Welcome to 2019. This is a year for the lesser explored aspects of Eating Disorders to be shared. This is the time to shatter the myths and stereotypes and give voice to topics and issues that are at the heart of the illness, are difficult to talk about, or that you’ve never even thought of. We will enter into taboo areas of our lives, while still staying within the safe space guidelines. I never thought this blog would be easy, or comfortable, or tidy. And yet I never could have imagined the courage and vulnerability of this community and the willingness to share the deepest parts of ourselves.
This week Fred writes about the fear of body judgement in a sexual encounter. Upon reading that sentence I can picture the faces of readers cringing. This piece is not about sex. It is about how our own fear of judgement interferes with our ability to be truly open with others; our ability to give of ourselves freely.
Take care of yourself and remember to nourish your body, mind, and spirit.
Your blog Moderator
ps. I apologize to Fred for not posting this sooner. I humbly admit that I thought I had already posted it, and that instead it fell through the cracks. I’m sorry.
In the Bedroom
From an eating disorder perspective, I suffer from an eating disorder. Body image is a big one for me. In the bedroom, I struggle — against myself, another man. I am vulnerable in the bedroom. I can’t fully take off my clothes. I can’t be completely naked.
I hate my body.
I don’t like the way my body looks. I go around this issue by never removing my top. In the bedroom, with sex in mind, I feel helpless if I take off my top. I’m scared of what the other guy will think of me. Without my clothes, I look like an ogre.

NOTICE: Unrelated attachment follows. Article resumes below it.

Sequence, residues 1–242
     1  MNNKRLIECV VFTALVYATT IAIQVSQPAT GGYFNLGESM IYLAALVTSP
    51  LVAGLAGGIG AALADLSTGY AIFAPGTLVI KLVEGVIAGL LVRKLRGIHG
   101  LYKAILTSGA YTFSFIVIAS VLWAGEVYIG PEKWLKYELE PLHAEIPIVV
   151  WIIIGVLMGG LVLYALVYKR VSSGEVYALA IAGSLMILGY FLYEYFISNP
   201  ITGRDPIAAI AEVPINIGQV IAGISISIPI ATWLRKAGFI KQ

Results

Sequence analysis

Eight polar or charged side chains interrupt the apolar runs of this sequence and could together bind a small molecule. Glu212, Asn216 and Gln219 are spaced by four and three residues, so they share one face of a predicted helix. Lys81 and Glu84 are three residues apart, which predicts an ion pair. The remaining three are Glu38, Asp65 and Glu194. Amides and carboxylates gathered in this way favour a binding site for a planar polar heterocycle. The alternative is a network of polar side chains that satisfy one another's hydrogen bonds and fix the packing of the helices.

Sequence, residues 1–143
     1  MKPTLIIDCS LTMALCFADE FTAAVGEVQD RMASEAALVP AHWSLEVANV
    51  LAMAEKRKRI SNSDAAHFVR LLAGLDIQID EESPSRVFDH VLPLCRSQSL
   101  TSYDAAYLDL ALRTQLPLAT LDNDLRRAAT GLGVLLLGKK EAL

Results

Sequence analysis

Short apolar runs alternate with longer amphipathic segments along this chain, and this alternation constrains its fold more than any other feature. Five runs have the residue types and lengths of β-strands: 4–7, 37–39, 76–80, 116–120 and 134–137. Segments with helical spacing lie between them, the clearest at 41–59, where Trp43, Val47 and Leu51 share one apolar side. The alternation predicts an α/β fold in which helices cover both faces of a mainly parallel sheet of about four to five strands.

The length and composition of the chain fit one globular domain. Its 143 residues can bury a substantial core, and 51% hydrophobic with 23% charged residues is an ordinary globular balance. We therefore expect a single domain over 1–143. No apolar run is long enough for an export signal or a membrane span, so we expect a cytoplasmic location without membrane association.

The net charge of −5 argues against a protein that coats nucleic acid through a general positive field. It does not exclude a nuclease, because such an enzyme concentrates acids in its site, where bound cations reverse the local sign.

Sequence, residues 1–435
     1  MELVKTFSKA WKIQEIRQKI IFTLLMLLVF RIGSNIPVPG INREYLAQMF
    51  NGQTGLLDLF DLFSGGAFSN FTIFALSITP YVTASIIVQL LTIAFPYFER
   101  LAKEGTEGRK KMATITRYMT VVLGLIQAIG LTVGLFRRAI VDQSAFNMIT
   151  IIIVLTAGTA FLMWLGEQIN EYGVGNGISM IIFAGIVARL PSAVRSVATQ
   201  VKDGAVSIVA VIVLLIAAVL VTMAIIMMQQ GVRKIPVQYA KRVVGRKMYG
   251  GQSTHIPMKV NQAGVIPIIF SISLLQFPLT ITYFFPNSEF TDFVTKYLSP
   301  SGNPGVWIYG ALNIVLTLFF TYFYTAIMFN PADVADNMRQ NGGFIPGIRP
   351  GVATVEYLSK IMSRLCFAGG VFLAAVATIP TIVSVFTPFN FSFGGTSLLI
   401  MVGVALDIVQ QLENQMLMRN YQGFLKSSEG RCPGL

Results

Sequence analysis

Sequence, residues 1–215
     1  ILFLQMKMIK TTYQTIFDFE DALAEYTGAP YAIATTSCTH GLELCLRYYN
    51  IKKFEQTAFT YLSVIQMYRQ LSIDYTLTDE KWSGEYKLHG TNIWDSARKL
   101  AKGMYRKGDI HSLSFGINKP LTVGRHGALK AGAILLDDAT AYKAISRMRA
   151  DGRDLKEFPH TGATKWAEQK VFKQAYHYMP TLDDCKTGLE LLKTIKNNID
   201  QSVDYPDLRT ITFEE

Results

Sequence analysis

Removing my pants or shorts and then quickly adjusting my underwear is what I do to stay safe. In the bedroom, thinking of sex, I have rules. These are clothes rules.
The textile relationship described here is tied to my eating disorder. There is something about eating disorders that ties them to body image. Not all eating disorders are the same. For me, body image in the bedroom, thinking through and having sex, is scary. My eating disorder and all of its symptoms and body image revolve around men and how they see me. I am tender around men.
Letting go of my tops, or my socks, underwear, and so on, is something I do at the beach. At and around the beach, I accept that I am hairy and different.
My goal this summer is to imagine the beach and surroundings in my bedroom. I’m tired of hiding. I want to let go of my fear of being naked, just like I remove most of my clothes at the beach.
Work published on this blog is property of the writer/artist. Content is edited and approved by the moderator. This blog is not a substitute for medical advice. Please see your health practitioner if you have concerns about yourself or your recovery.
If you would like to share your stories, writings, and art, please email Kmccarthy@Sheenasplace.org
If you or someone in your life is struggling with an Eating Disorder, you can contact the National Eating Disorder Information Centre (NEDIC) at nedic.ca
For information or to register for groups at Sheena's Place, please visit www.sheenasplace.org